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If you have diabetes or are at risk of diabetes, physical activity should be part of your routine. Regular exercise is beneficial because it allows active muscles to use up sugar as a source of energy, which prevents sugar build-up in the blood. When this happens, it can have a negative impact on you and your body. We spoke to pharmacy manager Faheem Ahmed, RPh, CDE, from the Walmart pharmacy in Kitchener, Ont., for his answers to common questions about exercise. He says,
I became a CDE [Certified Diabetes Educator] in an effort to better my community and my professional practice as a pharmacist. Being a CDE allows me to educate patients and help enhance their understanding of how to control their blood sugar.
Why is regular exercise important if I live with type 1 or type 2 diabetes?
Faheem: Regular exercise is an effective way to lower your blood sugar levels if you live with type 1 or type 2 diabetes. For some people with type 2 diabetes, exercise may work as effectively as some medications, and sometimes, with fewer side effects.
How much should I exercise? What kind of activity is best?
Faheem: At least 150 minutes of aerobic physical activity is recommended every week (for example, 30 minutes a day for 5 days a week). Aerobic exercises include activities with continuous movement, such as brisk walking, running, cycling, swimming, and other activities that increase your heart rate. At the beginning, shorter exercise sessions (5-10 minutes) are recommended for anyone who isn’t currently physically active. Gradually increase the duration over time.
Resistance exercise, another type of physical activity, is recommended two to three times per week. These exercises involve the use of free weights, weight machines, resistance bands, or using your own body’s weight to build and/or maintain muscle and strength (for example, push-ups, sit-ups, lunges).
Studies have shown the benefits of both aerobic and resistance exercise for people with diabetes, which together will have a greater impact.
When should I check my blood sugar levels after exercise?
Faheem: If you take insulin or medications that increase the release of insulin, you'll need to track your blood sugar before, during and after exercise. This will show you how your body responds to exercise, which can help you prevent potentially dangerous blood sugar fluctuations.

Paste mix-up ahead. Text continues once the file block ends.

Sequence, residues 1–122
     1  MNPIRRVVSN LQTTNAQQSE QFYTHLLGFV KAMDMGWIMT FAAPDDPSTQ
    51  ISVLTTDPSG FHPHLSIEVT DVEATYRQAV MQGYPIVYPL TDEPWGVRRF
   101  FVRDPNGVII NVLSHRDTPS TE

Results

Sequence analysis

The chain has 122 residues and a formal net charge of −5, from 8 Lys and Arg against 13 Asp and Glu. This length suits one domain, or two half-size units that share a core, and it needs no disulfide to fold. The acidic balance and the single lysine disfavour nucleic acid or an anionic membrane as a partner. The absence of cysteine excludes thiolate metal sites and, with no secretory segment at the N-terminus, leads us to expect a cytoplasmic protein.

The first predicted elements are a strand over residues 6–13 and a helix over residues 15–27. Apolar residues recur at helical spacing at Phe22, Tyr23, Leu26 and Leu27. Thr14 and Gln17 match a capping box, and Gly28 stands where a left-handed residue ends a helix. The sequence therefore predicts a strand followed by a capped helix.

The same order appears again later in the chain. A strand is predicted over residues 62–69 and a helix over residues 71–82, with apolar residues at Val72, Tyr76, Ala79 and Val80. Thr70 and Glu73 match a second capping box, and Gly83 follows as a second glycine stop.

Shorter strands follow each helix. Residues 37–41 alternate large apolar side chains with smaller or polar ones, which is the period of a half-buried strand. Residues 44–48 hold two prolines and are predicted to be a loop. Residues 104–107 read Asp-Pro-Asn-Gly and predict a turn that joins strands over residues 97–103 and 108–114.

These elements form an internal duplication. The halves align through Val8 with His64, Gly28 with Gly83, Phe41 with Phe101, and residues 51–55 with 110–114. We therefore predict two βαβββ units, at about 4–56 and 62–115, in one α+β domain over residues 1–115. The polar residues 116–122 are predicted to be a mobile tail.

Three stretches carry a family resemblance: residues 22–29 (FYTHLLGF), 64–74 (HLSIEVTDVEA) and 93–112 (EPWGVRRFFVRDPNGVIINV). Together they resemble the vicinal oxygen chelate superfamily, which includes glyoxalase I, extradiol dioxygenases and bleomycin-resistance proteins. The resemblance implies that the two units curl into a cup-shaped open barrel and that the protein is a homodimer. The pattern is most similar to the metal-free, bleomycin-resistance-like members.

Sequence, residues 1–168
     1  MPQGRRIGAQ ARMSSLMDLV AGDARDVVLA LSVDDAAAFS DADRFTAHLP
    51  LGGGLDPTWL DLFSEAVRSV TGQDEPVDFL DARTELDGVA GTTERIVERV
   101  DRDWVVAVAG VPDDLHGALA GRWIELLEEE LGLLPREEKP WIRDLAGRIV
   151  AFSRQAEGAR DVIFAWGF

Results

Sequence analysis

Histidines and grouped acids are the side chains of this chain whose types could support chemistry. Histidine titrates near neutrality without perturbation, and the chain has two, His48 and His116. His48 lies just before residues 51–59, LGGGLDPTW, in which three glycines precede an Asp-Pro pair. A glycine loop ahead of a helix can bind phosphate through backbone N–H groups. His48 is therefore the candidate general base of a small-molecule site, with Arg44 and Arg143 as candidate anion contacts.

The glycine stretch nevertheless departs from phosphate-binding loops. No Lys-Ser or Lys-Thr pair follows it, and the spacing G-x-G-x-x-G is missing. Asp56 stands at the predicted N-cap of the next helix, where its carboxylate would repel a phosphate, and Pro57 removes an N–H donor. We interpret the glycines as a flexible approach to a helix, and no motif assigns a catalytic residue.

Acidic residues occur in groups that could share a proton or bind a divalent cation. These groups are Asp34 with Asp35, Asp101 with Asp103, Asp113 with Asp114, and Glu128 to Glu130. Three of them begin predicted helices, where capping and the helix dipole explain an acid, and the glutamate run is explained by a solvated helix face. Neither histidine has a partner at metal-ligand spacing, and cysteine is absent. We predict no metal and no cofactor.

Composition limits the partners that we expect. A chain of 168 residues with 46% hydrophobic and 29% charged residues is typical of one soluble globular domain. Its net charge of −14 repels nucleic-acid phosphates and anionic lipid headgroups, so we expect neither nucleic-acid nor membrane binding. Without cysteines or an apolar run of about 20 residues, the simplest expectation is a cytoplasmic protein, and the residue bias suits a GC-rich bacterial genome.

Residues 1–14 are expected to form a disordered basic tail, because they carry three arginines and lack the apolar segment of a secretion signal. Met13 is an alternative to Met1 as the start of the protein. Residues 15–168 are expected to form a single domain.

How does exercise affect my blood sugar levels? Will it make it harder to stay in my target range?
Faheem: Exercise can affect blood sugar levels by decreasing them. The more strenuous the workout, the longer you will experience the effect on your blood sugar. Some intense exercises, such as heavy weightlifting, produce adrenaline which can cause a temporary increase in blood sugar levels.
Exercise will not make it harder to stay in your target range; however, there are some strategies you can use to prevent high or low sugar levels: maintain an exercise routine of similar intensity and duration, and to begin incorporating exercise into your routine slowly if you are inactive. For some people, a low may result from a sudden, unusual amount of exercise.
How do I deal with highs or lows after a workout?
Faheem: By understanding the causes of highs and lows, you can avoid or better manage them. It is important to be familiar with the symptoms of low and high blood sugar levels: feeling shaky, hungry, weak/drowsy, or experiencing an increased heart rate for low levels; feeling tired, thirsty and frequently urinating for high levels.
To avoid hypoglycemia (also known as low blood sugar), in people with type 1 diabetes, Diabetes Canada 2018 Clinical Practice Guidelines for the Prevention and Management of Diabetes in Canada recommend adjusting insulin and increasing carbohydrate consumption. In people with type 2 diabetes, ensure proper hydration and monitor for signs of dehydration.
Treat low blood sugars immediately: drink or eat a fast-acting carbohydrate (glucose tabs, juice, honey) and wait 15 minutes before checking blood sugar levels again. Treat highs by adjusting your diet, physical activity, and medications (insulin).
Is there anything I should do before I start my exercise routine?
Faheem: Talk to your doctor before starting any intense exercise that is more difficult than brisk walking if you have been inactive for a while. Know the signs of low blood sugar and carry a fast-acting carbohydrate (such as glucose tablets) with you. Also, if you take medications to treat your diabetes, speak to your doctor as your dose might need to be adjusted depending on your level of exercise.
What effect does exercise have if I am at risk of developing type 2 diabetes?
Faheem: If you're at risk of developing type 2, regular exercise may help delay or prevent the onset of diabetes, along with boosting your overall fitness.
The opinions expressed in this article are those of the sponsor, and do not necessarily reflect those of Diabetes Canada.
Author: Walmart Canada
Category Tags: Healthy Living;
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